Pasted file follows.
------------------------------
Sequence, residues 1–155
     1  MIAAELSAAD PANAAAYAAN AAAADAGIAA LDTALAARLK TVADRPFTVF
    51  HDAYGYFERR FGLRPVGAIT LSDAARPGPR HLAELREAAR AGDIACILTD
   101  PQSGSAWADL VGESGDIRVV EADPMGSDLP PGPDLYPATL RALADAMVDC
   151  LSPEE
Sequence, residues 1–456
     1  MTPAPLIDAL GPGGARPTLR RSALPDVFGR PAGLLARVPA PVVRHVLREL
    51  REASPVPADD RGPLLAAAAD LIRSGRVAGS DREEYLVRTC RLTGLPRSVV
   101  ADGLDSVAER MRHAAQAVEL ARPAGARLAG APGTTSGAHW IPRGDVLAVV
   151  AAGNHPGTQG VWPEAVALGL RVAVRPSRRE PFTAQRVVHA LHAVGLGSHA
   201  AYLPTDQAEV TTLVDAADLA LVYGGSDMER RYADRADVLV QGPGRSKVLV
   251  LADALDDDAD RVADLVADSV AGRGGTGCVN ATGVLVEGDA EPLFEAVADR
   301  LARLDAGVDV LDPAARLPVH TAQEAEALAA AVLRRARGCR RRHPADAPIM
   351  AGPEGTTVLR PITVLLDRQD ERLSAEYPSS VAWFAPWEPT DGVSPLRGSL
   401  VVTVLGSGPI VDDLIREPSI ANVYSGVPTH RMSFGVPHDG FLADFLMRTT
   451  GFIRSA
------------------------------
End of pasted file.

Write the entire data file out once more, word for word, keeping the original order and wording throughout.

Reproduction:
Sequence, residues 1–155
     1  MIAAELSAAD PANAAAYAAN AAAADAGIAA LDTALAARLK TVADRPFTVF
    51  HDAYGYFERR FGLRPVGAIT LSDAARPGPR HLAELREAAR AGDIACILTD
   101  PQSGSAWADL VGESGDIRVV EADPMGSDLP PGPDLYPATL RALADAMVDC
   151  LSPEE
Sequence, residues 1–456
     1  MTPAPLIDAL GPGGARPTLR RSALPDVFGR PAGLLARVPA PVVRHVLREL
    51  REASPVPADD RGPLLAAAAD LIRSGRVAGS DREEYLVRTC RLTGLPRSVV
   101  ADGLDSVAER MRHAAQAVEL ARPAGARLAG APGTTSGAHW IPRGDVLAVV
   151  AAGNHPGTQG VWPEAVALGL RVAVRPSRRE PFTAQRVVHA LHAVGLGSHA
   201  AYLPTDQAEV TTLVDAADLA LVYGGSDMER RYADRADVLV QGPGRSKVLV
   251  LADALDDDAD RVADLVADSV AGRGGTGCVN ATGVLVEGDA EPLFEAVADR
   301  LARLDAGVDV LDPAARLPVH TAQEAEALAA AVLRRARGCR RRHPADAPIM
   351  AGPEGTTVLR PITVLLDRQD ERLSAEYPSS VAWFAPWEPT DGVSPLRGSL
   401  VVTVLGSGPI VDDLIREPSI ANVYSGVPTH RMSFGVPHDG FLADFLMRTT
   451  GFIRSA